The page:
When I first read about sea kayaking symposia I was so intrigued by the concept that I booked myself in to the next one on the calendar, at Cwm Pennant mountain centre in North Wales.
The format was a weekend of paddling and lectures and I was particularly looking forward to trying some proper sea kayaks which were provided for demonstration by several manufacturers.
Saturday morning started off with a lecture about the Lleyn Peninsula and Sarnau Special Area of Conservation (SAC) which gave some guidance on identifying the various forms of wildlife we could expect to encounter and then challenged us to consider how, as kayakers, we could help with the conservation project.
We then set off for Pwllheli where a sheltered beach (accessed via the marina) was the venue for trying out some kayaks. The sea kayaks I had paddled to date have been plastic tubs so I was delighted to get my hands on the real thing and tried several:
P & H Quest - this boat came with a lot of good recommendations from people who said it was both fast and stable and sitting in it the first things I noticed were the comfort of the seat and back rest assembly and the quality of the construction. The boat was certainly stable and there was no evidence of the tippiness that sea kayaks are famous for. It paddled well but even with the slight breeze in the sheltered bay I had to use the skeg or the odd corrective stroke to keep it in a straight line across the wind (I am sure it would have handled better with a load).
P & H Capella - this boat felt very similar to the Quest with the same comfortable seat and good build quality but it was harder to keep in a straight line with a much greater tendency to weathercock (I paddled the large version of the boat and the foredeck seemed very high).
P & H Sirius - this was not a demo boat but a six year old kayak whose owner kindly let me try it out, despite its age, it looked like new and had the same creature comforts as the demo boats. Sitting in this kayak I immediately felt at home in the snug fitting cockpit and the ride was the most positive and straight running of all the boats I tried. The boat was also the most tippy and I can imagine that to be confident twisting around to get a camera out of the day hatch, for example, might require some improvement in my balance.
P & H Bahiya - I only had a very brief paddle in the Bahiya which, in spite of its narrow hull, felt very stable. It also went beautifully in a straight line and seemed very popular with all those who tried it. My only reservation was that I do not like the idea of having to sit on one side or the other of the hard chined hull in anything but calm water.
Nigel Dennis Explorer - this was the boat I ended up paddling all weekend and as a boat to paddle I loved it. It went nicely in a straight line, it did not have a skeg , nor did I ever feel the need of one, it was fast (I always tended to find myself at the front of a group without any particular effort), cut through waves cleanly and, although it was slightly tippy, it gave me plenty of confidence.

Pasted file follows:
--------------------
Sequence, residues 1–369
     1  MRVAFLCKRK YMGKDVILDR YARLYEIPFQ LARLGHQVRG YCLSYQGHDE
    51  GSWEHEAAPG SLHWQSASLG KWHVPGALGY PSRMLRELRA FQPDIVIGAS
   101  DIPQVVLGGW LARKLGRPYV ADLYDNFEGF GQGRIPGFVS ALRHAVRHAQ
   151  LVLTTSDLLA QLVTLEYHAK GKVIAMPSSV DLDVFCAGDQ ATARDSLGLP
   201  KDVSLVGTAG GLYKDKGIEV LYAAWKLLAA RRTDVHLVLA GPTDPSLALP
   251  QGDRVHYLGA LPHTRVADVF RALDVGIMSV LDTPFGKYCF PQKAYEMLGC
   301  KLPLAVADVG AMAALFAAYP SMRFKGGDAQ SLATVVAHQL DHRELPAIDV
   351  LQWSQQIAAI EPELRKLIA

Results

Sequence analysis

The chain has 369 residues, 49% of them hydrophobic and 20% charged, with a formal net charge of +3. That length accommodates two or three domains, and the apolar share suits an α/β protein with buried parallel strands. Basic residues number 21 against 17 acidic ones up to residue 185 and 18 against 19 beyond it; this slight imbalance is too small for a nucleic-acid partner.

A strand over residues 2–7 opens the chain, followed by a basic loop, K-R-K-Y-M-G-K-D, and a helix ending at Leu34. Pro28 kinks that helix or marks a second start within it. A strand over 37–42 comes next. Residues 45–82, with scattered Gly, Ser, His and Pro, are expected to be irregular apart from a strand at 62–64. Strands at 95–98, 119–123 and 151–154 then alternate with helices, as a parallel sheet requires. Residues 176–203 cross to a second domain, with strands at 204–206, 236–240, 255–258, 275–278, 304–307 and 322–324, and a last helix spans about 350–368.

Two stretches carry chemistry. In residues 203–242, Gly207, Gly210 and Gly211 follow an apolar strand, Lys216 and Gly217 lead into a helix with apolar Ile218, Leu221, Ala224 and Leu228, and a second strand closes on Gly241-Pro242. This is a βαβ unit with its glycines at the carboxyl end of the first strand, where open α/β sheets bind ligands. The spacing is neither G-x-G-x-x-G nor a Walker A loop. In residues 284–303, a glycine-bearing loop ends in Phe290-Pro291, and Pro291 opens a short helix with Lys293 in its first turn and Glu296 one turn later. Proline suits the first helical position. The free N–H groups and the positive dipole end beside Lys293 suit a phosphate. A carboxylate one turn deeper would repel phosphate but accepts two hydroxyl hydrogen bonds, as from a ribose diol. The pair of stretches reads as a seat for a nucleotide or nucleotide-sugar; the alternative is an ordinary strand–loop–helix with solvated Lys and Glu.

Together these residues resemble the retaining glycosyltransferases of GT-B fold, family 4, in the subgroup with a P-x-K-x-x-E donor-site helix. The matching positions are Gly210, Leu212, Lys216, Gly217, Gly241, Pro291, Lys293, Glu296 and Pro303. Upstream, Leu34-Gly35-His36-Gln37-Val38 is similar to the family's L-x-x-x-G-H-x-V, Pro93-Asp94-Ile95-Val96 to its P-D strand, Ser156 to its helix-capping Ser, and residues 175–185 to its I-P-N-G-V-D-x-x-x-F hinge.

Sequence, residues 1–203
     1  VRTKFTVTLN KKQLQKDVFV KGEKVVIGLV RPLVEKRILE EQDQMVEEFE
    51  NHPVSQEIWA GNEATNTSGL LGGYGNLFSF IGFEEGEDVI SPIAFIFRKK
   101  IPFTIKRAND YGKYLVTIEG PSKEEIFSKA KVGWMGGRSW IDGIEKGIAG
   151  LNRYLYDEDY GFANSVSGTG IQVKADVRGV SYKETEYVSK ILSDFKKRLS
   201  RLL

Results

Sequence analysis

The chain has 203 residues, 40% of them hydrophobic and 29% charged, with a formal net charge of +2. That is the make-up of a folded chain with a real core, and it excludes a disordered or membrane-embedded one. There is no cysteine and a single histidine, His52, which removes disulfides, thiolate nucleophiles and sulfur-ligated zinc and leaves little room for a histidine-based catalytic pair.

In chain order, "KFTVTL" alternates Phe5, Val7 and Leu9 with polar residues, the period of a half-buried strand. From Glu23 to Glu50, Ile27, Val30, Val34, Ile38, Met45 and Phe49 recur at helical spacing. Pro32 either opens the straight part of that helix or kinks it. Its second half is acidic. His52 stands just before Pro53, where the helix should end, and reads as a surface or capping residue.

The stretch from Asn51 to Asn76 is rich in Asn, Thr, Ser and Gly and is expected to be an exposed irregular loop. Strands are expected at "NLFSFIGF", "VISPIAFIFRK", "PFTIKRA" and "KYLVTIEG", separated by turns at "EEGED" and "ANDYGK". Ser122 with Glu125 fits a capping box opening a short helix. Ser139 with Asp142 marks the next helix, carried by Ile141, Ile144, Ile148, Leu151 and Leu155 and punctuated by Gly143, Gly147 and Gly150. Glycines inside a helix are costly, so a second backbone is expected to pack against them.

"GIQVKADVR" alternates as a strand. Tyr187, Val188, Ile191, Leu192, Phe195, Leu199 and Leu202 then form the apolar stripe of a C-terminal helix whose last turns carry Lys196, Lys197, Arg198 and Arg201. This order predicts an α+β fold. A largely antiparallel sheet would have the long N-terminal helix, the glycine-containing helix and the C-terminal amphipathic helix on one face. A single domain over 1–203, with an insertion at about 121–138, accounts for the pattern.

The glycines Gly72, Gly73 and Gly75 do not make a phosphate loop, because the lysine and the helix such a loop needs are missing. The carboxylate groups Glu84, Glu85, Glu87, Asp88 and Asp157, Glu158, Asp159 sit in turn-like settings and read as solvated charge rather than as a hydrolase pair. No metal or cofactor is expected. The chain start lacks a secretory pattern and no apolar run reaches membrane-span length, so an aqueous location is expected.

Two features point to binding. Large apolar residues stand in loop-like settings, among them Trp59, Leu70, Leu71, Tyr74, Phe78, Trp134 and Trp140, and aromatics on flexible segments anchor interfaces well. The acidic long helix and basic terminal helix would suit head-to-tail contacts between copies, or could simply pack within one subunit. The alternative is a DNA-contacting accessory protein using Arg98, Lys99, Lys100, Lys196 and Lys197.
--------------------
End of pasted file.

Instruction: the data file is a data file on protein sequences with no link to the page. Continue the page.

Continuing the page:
I did have some problems with the comfort of the boat though. The seat and back rest were nowhere near as comfortable as in the P & H boats and I found that my size eleven feet were a bit cramped under the deck (this might have been partly due to the custom positioned forward bulkhead which was obviously made for a shorter paddler). Finally, the build quality did not seem to be quite up to the P & H standard although, unlike the P & H boats on demo, this one was not new so that may not be an entirely fair comparison.
There were also some Rockpool kayaks on demo but I did not get a chance to try one out. I had an interesting chat with the designer and founder of this new company who started his career with Nigel Dennis shaping the Romany. The boats are designed for a more ergonomic paddling position which is somewhat akin to a racing kayak but, apparently, without sacrificing stability. Those who did try the boats seemed impressed.
After the boat demos and lunch on the beach we split up into groups to work on paddling skills and rescues and the bulk of us went out on a paddle westward up the coast.
Unfortunately, I had set off in a hurry with the Explorer I had just borrowed and after only about twenty minutes my right leg had gone completely numb and I was suffering painful pins and needles. I decided to head in to the beach and pick up the group again on their way back. This gave me a chance to try my first surf landing which worked reasonably well. Once out on the beach I found that there was in fact a thick piece of foam wedged up against the front bulkhead and when I removed it there was just enough room for my long legs. I had a walk on the beach and rejoined the group on the way back timing my first surf launch perfectly.
After paddling we headed back to the centre for a very welcome dinner followed by a couple more lectures.
The first talk was by Dave Evans who runs Cwm Pennant and is also the chairman of the BCU Sea Touring Committee. He showed us some slides of a recent trip to Brittany and we were all envious of the beautiful scenery and fine weather.
The second lecture was by John Ramwell who talked about his experiences setting up large scale expeditions for organisations such as British Schools and Operation Raleigh. He told us how satisfying he had found introducing young people to sea kayaking and encouraged us to consider doing the same.
Following the evening programme we gathered around a bonfire to share kayaking tales and beers.